According to patent documents that RideApart has discovered, Honda is working on a rear-facing radar safety system that installs in a rider’s helmet.
There’s very little information in the paperwork RideApart found. All we really have is a drawing of a two-part device, shooting radar to the rear, then feeding back that information to a central CPU. From there, if an imminent collision is detected, there’s a warning signal sent to the rider, either by some sort of haptic feedback through the seat, or perhaps by an audio or visual signal.
It doesn’t take a genius to immediately throw up several possible issues with the new system; first of all, it could become a real annoyance in stop-and-go traffic if calibrated incorrectly. Then, obstructions would also potentially interfere with the signal, from passengers to sissy bars to rear-mounted luggage … there’s a reason why the rear-facing radar systems we’ve seen on other motorcycles have always been mounted to the bike itself.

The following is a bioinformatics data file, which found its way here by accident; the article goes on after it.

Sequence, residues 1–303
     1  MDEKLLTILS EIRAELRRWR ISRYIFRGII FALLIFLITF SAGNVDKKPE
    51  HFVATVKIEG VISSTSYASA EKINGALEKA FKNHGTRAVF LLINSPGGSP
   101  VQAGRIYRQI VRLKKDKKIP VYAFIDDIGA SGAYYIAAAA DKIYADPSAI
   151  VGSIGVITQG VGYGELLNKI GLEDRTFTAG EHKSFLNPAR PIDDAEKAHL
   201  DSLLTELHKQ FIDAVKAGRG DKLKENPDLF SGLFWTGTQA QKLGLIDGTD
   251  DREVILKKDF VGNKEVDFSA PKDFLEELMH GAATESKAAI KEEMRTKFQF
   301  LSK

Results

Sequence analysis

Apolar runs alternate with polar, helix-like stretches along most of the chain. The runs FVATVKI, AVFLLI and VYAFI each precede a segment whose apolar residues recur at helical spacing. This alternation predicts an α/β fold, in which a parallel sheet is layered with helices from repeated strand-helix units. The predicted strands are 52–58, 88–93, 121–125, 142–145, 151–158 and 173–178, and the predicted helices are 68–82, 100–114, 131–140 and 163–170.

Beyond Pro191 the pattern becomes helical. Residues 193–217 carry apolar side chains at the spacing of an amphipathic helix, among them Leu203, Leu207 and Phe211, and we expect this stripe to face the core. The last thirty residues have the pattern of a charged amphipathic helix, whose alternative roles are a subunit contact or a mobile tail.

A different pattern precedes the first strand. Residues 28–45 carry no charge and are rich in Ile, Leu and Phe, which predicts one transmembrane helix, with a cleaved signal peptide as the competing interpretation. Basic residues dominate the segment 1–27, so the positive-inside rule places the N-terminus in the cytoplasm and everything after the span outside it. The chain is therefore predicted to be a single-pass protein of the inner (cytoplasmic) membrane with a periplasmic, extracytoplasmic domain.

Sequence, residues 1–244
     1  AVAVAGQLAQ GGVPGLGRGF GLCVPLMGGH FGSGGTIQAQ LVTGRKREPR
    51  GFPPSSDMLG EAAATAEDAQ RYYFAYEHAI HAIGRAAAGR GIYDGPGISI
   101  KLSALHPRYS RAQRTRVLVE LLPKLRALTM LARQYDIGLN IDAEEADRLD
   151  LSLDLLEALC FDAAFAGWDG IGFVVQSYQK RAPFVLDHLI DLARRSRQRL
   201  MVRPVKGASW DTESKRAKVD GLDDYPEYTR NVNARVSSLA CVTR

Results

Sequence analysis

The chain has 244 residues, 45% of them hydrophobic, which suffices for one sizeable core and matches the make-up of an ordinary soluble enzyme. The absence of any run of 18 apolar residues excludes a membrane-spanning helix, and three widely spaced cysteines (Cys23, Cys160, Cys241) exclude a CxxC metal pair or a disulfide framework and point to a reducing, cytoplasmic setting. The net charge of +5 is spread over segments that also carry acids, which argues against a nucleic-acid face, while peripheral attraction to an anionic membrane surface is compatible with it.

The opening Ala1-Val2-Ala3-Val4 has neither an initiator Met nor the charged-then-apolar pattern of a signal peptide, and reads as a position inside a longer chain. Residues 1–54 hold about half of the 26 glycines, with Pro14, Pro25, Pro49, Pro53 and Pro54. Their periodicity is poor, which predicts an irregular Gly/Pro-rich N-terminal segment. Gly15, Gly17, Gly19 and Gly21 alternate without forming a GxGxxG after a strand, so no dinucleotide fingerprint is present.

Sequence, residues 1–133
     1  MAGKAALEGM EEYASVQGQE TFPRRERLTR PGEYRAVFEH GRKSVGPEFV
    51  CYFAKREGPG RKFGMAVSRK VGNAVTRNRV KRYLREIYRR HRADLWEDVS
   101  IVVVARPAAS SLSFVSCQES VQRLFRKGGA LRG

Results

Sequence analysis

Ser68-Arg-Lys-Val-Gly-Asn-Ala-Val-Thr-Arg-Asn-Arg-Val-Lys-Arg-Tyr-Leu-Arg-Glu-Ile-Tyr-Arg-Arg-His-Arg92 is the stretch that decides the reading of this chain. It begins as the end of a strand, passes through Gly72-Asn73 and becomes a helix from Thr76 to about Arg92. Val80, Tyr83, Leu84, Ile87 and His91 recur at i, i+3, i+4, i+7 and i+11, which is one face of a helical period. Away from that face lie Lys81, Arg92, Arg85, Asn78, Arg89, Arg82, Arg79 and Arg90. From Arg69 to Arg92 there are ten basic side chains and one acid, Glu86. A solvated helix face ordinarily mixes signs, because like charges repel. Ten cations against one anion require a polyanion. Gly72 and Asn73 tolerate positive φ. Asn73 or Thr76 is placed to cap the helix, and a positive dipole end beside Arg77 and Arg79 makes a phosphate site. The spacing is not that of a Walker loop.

However, Honda’s approach does deal with one issue that modern safety systems are facing: It’s all fine and dandy for the OEMs to develop onboard safety systems for new bikes, but that does no good for existing bike owners, and it’s expensive to duplicate the devices across multiple motorcycles, if an owner has more than one bike. Honda’s approach would allow owners of older bikes to still have onboard safety tech, and would also work on any motorcycle, in theory.
There would be some niggles to work out, particularly battery life. Even the best onboard comm systems need to be recharged daily if you’re touring, and Honda’s device would have to have the same battery capacity, or larger, to be of use to long-distance riders. However, it’s not like Big Red has promised this tech next week or anything; the patent just shows Honda is thinking about developing this technology, and that’s definitely a step in the right direction, even if there are problems to work out.